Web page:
This leads to another one of those difficult questions: how do you replace natural gas at this scale? Energy storage was underlined as one of the solutions but, here too, there’s a difficult question. If hydrogen is being generated and supplied at a local rather than national level, where will it be stored & how?

More and more difficult questions that we can’t turn away from! And it’s only by answering them that we will be able to define a realistic, deliverable way to Net Zero.


Finding solutions

I firmly believe that the Department for Energy Security and Net Zero can help drive forward change across the industry, with the Energy Bill, introduced to Parliament last year, containing provisions to drive next steps. Meanwhile, Ofgem is starting to think about what the future market might look like and its recent Call for Input on the next stage of Energy Code Governance Reform has provided the energy industry with a chance to share its views on how the governance of the industry could best be simplified to facilitate change.

I was delighted to be able to share Xoserve’s point of view as part of this consultation process and you can find our response here.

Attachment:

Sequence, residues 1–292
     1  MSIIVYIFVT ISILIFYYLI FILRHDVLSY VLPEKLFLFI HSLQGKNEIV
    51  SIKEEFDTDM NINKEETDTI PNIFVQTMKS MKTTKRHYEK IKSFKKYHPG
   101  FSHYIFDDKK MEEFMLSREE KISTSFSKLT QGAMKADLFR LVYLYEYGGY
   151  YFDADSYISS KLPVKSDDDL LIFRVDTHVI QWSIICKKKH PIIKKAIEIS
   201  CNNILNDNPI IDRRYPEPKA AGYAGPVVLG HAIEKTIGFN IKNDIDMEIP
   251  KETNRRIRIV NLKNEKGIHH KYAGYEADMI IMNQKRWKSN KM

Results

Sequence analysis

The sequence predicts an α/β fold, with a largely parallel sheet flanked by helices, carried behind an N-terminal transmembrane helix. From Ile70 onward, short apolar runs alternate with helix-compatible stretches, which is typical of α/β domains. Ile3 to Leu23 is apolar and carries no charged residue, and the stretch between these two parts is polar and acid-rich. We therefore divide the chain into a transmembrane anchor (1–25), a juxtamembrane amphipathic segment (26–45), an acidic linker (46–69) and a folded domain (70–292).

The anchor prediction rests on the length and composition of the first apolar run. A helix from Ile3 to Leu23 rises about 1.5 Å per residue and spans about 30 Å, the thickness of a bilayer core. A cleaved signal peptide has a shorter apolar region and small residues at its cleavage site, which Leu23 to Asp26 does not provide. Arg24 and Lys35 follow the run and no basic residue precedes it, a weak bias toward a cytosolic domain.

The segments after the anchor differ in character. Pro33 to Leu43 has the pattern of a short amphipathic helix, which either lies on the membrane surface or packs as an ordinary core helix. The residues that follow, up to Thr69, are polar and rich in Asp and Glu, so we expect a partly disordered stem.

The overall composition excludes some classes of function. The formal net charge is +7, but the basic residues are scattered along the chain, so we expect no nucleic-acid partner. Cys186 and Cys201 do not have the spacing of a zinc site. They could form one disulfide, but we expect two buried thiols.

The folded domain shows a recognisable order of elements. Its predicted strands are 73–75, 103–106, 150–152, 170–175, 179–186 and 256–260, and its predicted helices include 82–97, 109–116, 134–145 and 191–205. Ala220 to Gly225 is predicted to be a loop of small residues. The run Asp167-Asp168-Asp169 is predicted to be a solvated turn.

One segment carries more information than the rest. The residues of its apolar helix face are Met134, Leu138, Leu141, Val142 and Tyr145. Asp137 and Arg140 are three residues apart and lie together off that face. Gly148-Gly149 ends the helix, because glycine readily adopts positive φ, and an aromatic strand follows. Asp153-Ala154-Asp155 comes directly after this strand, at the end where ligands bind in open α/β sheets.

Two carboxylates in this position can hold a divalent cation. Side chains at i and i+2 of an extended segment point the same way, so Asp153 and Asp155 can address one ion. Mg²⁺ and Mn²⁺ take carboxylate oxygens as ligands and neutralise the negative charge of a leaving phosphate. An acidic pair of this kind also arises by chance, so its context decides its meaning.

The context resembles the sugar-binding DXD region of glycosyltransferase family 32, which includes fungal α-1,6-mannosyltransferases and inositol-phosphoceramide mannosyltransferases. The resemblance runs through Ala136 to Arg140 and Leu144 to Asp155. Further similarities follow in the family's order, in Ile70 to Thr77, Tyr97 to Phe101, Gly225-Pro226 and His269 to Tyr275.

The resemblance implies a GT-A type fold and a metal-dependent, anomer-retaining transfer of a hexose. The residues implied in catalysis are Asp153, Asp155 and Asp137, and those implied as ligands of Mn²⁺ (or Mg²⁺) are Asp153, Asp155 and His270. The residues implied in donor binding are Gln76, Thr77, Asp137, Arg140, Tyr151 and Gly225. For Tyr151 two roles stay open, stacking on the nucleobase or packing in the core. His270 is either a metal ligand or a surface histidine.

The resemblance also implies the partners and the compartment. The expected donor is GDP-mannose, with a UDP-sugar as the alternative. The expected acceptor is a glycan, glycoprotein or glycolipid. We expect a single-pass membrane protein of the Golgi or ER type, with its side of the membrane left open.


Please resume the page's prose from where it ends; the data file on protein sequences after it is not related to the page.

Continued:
I’m excited that we can be part of this vital conversation and am very much looking forward to working with policy makers, Ofgem and those in the energy industry (particularly gas) to move this forward over time.


In conclusion…

There’s no question in my mind that 2023 will bring its own set of unique challenges. However, I believe that Britain’s energy industry will rise admirably to those demands. No one person or organisation has all the answers. But I believe passionately that we can work together to start to create some exciting and creative solutions to what may become the most difficult question of our lifetime: how can we get to Net Zero by 2050?